• marker of global supply/demand balance
      • falls in low output states e.g. heart failure
      • prognosticator of outcome, failure to wean…
      • elevated in resuscitated sepsis
        • microvascular shunting??
        • decreased cellular utilisation??
      • mixed venous vs central venous differences
      • one landmark ScvO 2 -targetted study (Rivers)
    • 19. 75% Factors that influence mixed and central venous SO 2 _ + Hypothermia Anesthesia  PaO2  Hb  Cardiac output  PaO2  Hb  Cardiac output Stress Pain Hyperthermia Shivering  VO2  DO2  DO2  VO2
    • 20. Mixed/central SvO 2
      • PA catheter use decline .. ∆ reliance on ScvO 2
      • Useful in global low output states
      • Limited in established sepsis
      • (other than identification of low values)
    • 21. SvO2 closely correlates with ScvO2
    • 22. The major problems with the interpretation of ScvO2
      • Like the CO, a low SvO2 tells you that something is wrong, but not what is wrong and what should be done about it (fluids? inotropes?).
      • When the SvO2 is normal or high -one cannot assume that all is well (e.g., CO normal) since in septic patients the ScvO2 may be elevated due to an abnormally low O2 extraction.
    • 23. Insert CVP/SvcO 2 SvO2 >70% SvO2 <70% Sepsis? Repeat Fluid challenge 250ml/ 5mins Haemodynamic improvement ? Consider global/right ventricular failure Echocardiography that preceeds cardiac output monitoring Yes Continue until normal values obtained No Vasopressors Hypovolaemic/ Haemorrhagic/ cause? No response Continue until normal values obtained Haemodynamic improvement Repeat fluid challenge (250ml/5mins) or transfusion if necessary. Echocardiography that preceeds CO monitoring CVP N or low CVP high CVP low
    • 24. How to differentiate between Contractility vs Vasomotor tone
      • Echocardiography
      • Cardiac output monitoring
    • 25. INTERPRETATION OF CARDIAC OUTPUT Do we have a problem ?
      • Arterial hypotension
      • Tachycardia
      • Oliguria
      Increase in cardiac output FLUIDS ? Do we need to measure cardiac output ? DOBUTAMINE ? Faster information ?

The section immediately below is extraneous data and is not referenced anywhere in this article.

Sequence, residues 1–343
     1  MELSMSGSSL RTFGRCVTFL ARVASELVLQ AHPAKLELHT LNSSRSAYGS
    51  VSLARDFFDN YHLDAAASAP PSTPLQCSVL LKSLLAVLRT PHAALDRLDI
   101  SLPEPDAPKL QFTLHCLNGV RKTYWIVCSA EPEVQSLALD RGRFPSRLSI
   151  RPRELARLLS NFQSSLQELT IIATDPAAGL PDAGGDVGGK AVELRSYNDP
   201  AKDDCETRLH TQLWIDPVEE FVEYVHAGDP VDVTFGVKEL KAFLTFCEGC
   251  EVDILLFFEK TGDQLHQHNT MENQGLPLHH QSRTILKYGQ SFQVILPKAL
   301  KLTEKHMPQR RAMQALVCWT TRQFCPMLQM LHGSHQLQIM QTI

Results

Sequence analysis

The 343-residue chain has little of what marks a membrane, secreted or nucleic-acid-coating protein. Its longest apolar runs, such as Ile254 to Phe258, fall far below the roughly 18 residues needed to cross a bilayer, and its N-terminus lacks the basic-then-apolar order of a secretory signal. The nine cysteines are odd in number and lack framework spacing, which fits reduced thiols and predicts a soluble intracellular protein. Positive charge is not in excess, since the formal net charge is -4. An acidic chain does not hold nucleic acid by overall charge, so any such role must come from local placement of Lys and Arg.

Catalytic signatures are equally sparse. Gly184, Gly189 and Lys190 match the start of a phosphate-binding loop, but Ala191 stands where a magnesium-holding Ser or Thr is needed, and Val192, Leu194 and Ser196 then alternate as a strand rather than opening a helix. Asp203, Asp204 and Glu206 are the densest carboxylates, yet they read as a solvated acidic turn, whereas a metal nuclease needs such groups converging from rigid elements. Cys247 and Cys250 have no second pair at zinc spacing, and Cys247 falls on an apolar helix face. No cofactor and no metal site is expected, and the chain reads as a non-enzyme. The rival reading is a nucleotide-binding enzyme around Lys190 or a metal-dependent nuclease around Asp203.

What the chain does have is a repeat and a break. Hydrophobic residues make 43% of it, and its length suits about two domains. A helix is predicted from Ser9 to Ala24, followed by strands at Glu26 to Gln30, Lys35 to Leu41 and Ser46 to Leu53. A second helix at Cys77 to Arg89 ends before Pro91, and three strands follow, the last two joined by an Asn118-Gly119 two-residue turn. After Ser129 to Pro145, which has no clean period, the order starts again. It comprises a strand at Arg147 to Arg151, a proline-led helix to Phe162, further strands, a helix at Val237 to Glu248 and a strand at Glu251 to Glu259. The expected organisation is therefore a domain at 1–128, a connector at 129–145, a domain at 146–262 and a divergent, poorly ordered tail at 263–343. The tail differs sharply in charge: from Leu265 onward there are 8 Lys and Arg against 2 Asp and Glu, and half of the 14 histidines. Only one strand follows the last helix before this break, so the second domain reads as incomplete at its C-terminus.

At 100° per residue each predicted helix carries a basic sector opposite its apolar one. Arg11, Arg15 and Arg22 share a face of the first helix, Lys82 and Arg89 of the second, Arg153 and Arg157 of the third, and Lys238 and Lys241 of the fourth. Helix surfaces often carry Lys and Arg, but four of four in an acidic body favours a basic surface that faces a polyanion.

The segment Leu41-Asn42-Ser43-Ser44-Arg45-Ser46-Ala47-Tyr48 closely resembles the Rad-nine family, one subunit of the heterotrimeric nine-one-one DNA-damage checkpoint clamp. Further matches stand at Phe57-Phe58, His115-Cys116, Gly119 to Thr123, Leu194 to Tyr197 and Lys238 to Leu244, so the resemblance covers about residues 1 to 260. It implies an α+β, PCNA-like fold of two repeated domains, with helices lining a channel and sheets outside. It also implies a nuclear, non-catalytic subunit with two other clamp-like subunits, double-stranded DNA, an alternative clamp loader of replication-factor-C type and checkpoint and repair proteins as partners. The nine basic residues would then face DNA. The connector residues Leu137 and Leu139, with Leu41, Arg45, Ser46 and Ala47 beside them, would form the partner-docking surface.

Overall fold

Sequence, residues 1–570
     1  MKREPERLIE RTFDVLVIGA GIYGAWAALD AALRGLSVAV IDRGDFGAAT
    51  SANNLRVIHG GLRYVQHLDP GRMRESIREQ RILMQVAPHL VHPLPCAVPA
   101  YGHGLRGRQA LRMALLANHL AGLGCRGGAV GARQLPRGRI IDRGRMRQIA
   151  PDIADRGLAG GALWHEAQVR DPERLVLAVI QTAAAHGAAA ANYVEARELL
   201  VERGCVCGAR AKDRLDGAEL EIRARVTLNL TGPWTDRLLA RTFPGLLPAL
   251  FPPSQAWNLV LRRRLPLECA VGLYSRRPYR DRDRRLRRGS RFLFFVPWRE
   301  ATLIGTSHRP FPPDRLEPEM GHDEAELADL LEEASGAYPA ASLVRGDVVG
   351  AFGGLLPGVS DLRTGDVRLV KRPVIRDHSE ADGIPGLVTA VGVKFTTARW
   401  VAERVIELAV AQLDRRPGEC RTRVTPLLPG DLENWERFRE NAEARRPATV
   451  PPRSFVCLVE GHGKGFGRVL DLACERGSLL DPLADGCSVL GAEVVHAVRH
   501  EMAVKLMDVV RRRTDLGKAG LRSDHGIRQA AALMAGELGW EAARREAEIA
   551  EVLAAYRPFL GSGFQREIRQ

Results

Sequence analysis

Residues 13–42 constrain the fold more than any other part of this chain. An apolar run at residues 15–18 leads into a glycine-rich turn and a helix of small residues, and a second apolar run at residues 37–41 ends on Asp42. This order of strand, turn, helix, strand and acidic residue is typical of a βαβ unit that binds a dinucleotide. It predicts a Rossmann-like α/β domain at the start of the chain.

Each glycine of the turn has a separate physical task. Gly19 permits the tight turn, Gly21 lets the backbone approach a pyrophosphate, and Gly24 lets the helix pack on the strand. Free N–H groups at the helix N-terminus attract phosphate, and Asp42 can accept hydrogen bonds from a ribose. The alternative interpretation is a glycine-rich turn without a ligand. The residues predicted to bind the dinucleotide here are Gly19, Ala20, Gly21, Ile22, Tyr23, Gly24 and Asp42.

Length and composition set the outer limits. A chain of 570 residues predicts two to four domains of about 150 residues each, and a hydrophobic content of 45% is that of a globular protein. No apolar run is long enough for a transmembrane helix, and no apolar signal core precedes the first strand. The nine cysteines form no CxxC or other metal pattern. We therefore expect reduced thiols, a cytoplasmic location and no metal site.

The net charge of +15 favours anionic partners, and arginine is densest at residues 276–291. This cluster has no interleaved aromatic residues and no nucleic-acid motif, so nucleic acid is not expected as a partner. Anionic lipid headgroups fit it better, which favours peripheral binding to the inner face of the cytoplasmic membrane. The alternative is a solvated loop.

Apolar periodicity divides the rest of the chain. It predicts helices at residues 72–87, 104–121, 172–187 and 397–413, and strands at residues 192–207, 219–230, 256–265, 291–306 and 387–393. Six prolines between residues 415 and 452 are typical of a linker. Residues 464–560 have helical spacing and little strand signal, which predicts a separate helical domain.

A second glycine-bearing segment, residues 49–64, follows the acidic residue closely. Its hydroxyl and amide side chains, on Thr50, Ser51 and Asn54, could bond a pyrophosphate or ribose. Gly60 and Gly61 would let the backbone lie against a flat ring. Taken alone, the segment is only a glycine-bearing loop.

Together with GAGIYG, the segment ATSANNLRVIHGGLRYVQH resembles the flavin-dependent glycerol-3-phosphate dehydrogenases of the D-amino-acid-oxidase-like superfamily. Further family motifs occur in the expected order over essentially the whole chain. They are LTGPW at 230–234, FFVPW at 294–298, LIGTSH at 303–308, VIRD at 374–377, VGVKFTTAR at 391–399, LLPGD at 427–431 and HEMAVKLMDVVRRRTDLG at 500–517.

• 26. Why/when would I want to measure CO or SV in shock?
      • Failure hemodynamic management based on clinical signs and CVP-ScvO2; this should always direct to echocardiography
      • Echocardiography should, ideally, always preceed CO monitoring
      • CO monitoring shoud be a PAC catheter in case of RV dysfunction while any CO monitoring, less invasive than PAC, should be favored for LV dysfunction
    • 27.  
    • 28. The way I do
      • After adequate fluid resusciation
      • Start with nor adrenaline then add dobutamine- looking at contractility and SVR
      • If MAP <65 mmHg
      • Add adrenaline or contemplate
      • Vasopressin or phenylephrine
    • 29.
      • Initiate vasopressor therapy if appropriate fluid challenge fails to restore adequate blood pressure and organ perfusion
          • Vasopressor therapy should also be used transiently in the face of life-threatening hypotension, even when fluid challenge is in progress
      • Either norepinephrine or dopamine are first line agents to correct hypotension in septic shock
          • Norepinephrine is more potent than dopamine and may be more effective at reversing hypotension in septic shock patients
          • Dopamine may be particularly useful in patients with compromised systolic function but causes more tachycardia and may be more arrhythmogenic
      Vasopressors Grade E Grade D
    • 30.
      • Low dose dopamine should not be used for renal protection in severe sepsis
      • An arterial catheter -Vasopressors
          • Arterial catheters provide more accurate and reproducible measurement of arterial pressure
          • Vasopressin may be considered in refractory shock patients that are refractory to fluid resuscitation and high dose vasopressors
          • Infusion rate of 0.01-0.04 units/min in adults
          • May decrease stroke volume
      Vasopressors (cont) Grade B Grade E Grade E
    • 31.
      • In patients with low cardiac output despite adequate fluid resuscitation, dobutamine may be used to increase cardiac output
          • Should be combined with vasopressor therapy in the presence of hypotension
      • It is not recommended to increase cardiac index to target an arbitrarily predefined elevated level
          • Patients with severe sepsis failed to benefit from increasing oxygen delivery to supranormal levels by use of dobutamine
      Inotropic Therapy Grade E Grade A
    • 32. Hemodynamic Patterns with Prognostic Value
      • A lower heart rate at the onset of disease is predictive of survival.
      • Normalization within 24 hours of either tachycardia or elevated cardiac index is associated with survival. Persistence of hyperdynamic state increases likelihood of death.
      • A low ejection fraction and ventricular dilatation are also associated with survival. This perhaps reflects Frank-Starling compensation of sepsis induced myocardial depression.